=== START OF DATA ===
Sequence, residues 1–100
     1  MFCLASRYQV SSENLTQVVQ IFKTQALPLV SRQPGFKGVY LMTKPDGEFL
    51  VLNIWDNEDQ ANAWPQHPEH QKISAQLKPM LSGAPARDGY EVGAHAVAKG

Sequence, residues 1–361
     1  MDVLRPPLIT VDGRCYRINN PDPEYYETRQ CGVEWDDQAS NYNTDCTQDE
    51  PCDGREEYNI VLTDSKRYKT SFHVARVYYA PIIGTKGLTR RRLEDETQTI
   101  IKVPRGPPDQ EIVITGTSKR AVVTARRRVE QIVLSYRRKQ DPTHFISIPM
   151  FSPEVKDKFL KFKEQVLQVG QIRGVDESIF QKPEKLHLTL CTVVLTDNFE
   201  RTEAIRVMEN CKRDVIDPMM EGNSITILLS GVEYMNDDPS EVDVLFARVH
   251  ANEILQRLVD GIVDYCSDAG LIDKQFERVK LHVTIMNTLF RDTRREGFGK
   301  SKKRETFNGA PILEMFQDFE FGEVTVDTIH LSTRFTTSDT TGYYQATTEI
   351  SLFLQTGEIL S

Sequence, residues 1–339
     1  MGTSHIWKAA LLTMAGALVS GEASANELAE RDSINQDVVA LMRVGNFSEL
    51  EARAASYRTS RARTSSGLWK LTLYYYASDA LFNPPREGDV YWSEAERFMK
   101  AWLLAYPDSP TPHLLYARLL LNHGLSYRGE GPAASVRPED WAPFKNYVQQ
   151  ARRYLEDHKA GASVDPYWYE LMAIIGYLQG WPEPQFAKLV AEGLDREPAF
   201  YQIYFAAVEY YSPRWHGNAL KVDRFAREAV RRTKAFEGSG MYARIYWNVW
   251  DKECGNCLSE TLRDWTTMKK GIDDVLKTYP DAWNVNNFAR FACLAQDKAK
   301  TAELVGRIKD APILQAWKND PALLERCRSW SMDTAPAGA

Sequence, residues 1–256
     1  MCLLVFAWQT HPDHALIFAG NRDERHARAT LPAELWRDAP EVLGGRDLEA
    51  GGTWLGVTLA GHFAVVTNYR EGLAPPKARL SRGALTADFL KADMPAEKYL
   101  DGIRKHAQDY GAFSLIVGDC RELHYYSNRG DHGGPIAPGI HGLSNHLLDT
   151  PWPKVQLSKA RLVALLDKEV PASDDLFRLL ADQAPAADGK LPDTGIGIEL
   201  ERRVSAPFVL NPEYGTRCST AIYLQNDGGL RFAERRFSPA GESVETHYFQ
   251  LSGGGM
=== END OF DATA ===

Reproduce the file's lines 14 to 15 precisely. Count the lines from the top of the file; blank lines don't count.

     1  MGTSHIWKAA LLTMAGALVS GEASANELAE RDSINQDVVA LMRVGNFSEL
    51  EARAASYRTS RARTSSGLWK LTLYYYASDA LFNPPREGDV YWSEAERFMK